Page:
In particular, PhD students were introduced to the ways and forms of communication in the PhD Academy within a two-day course, during which they also practiced how to speak into a microphone or in front of a TV camera. Participants learnt about how to engage different audiences and increase the impact of their scientific work in two workshops led by Sam Illingworth, a world-leading expert in science communication from Edinburgh Napier University.
Why is science communication important, what form can it take and many other questions were answered by lecturer Tereza Mašínová, who has been involved in several popularisation projects, such as Science Café, and in 2017 she won the national round of the stand-up competition for scientists FameLab.
"Science is all around us. Even though we may not be aware of it in our daily lives, we encounter it at every turn. No one is an expert at everything, so we have to rely on the opinions and knowledge of experts who should be able to effectively communicate their findings to the public, politicians or company representatives. Such scientists, or those who will be able to effectively advise researchers "how to do it" and help them explain complex topics, will not be lost in the coming years," said Mašínová.
Students tried standing in front of the camera and microphone
Participants of the course tried out how a meeting with a journalist takes place in an improvised TV and radio studio with Zuzana Glacová, a former reporter at Czech Television and Prima FTV news, who is now involved in media training.
"As a journalist, I often met with scientists and saw how difficult it sometimes was to explain research in a way that was understandable to the general public. We worked on this during our course and it was great for me to see the participants' interest, their willingness to learn new things and to think about how to improve their presentation skills. If it helps them to 'sell' their research, that will be a beautiful outcome for me," said Glacová.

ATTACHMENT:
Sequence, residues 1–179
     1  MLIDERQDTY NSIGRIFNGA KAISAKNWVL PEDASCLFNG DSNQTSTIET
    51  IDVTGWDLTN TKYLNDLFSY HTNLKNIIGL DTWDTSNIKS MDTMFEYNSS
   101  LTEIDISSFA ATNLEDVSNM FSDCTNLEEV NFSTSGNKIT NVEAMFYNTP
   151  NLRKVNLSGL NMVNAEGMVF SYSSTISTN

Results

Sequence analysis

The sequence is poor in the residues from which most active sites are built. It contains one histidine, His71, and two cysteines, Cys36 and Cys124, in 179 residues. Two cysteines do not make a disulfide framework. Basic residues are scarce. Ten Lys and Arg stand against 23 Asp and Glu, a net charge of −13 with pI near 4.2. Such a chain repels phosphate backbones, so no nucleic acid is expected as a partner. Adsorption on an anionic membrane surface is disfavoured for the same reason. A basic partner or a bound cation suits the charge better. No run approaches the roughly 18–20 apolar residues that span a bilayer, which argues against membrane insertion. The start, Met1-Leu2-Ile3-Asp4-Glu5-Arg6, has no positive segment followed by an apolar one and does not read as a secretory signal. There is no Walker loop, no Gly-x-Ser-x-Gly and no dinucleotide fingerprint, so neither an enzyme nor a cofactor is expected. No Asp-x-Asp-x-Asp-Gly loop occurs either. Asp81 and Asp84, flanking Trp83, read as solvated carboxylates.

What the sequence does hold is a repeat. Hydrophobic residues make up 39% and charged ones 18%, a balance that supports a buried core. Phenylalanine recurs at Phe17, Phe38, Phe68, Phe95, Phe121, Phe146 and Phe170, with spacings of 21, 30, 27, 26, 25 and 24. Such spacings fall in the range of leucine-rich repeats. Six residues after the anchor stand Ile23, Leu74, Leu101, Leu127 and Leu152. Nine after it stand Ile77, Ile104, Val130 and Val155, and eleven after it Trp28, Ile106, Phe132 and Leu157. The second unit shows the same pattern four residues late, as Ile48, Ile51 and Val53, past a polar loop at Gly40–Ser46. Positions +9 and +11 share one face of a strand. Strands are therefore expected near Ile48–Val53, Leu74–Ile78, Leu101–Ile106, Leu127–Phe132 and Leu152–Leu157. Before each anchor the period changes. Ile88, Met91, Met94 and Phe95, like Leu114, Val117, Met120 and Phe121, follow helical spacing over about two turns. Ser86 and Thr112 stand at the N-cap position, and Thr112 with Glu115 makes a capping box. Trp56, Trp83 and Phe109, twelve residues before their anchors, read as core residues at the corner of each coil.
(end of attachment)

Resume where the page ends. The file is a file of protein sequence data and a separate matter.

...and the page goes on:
Despite the initial uncertainty, the doctoral students appreciated the opportunity to try out the presentation in practice. "It was very beneficial for me to try it out for real, I can use a lot of information in the future. I think that science communication should be part of every output that we scientists publish. It is good to make research visible, to present the projects we are involved in and to show that we have good results," said Martin Dratnal, who is studying for his PhD in Cybernetics at the Faculty of Electrical Engineering and Computer Science.
An expert from Edinburgh Napier University shared his know-how
Communication of science was also the main topic of two workshops given by Sam Illingworth, an expert on this subject from Edinburgh Napier University. He visited the University on the basis of cooperation confirmed by a Memorandum of Understanding between the two universities, within the project Strategic Development of Science and Research at VSB-TUO II, reg. no. CZ.02.2.69/0.0/0.0./18_054/0014694. Edinburgh Napier University is also a partner of VSB – Technical University of Ostrava within U!REKA, the Urban Research and Education Knowledge Alliance.
A scientist, populariser of science, and poet, Illingworth has prepared workshops not only for academics and researchers, but also for university staff who are involved in developing international cooperation and research and development, and in promoting science and research.
"The aim of the first workshop Effective Science Communication was to share my know-how in science communication and to provide practical information on how to communicate effectively and develop a message that is understandable, engaging and effective for different audiences," said Illingworth, who stressed the importance of presenting science in a simple way, preferably through stories.
The second workshop Making an Impact with Your Research focused on ways in which scientists can increase the impact of their work. "After attending this workshop, participants had a better idea of how to identify key audiences to explain their research, why they want to reach them, and how they can work together to create a more meaningful impact" he added.
"Sam is an extremely inspiring scientist, speaker and poet. In other words, a man of many talents. He talks about science and how to communicate it effectively in a clear, engaging way, and illustrates everything with clear examples from his own experience. I highly recommend his workshops, which he regularly offers as part of the PhD Academy," said Alena Kašpárková, a participant who focuses on academic writing as part of the PhD Academy.
Discussion about further cooperation
In addition to workshop on science communication, Illingworth also met with the Management of the VSB-TUO, Faculties and research centres. "We had some very fruitful discussions and I am confident that we can take a number of steps to further strengthen the collaboration between our two institutions, for example, through the hosting of a research symposium to exchange knowledge and lay the ground for the joint application of future funding opportunities" added Illingworth, who also praised the PhD Academy's support system for PhD students.
Text: Martina Šaradínová, PR specialist for R&D
Photo: Petr Havlíček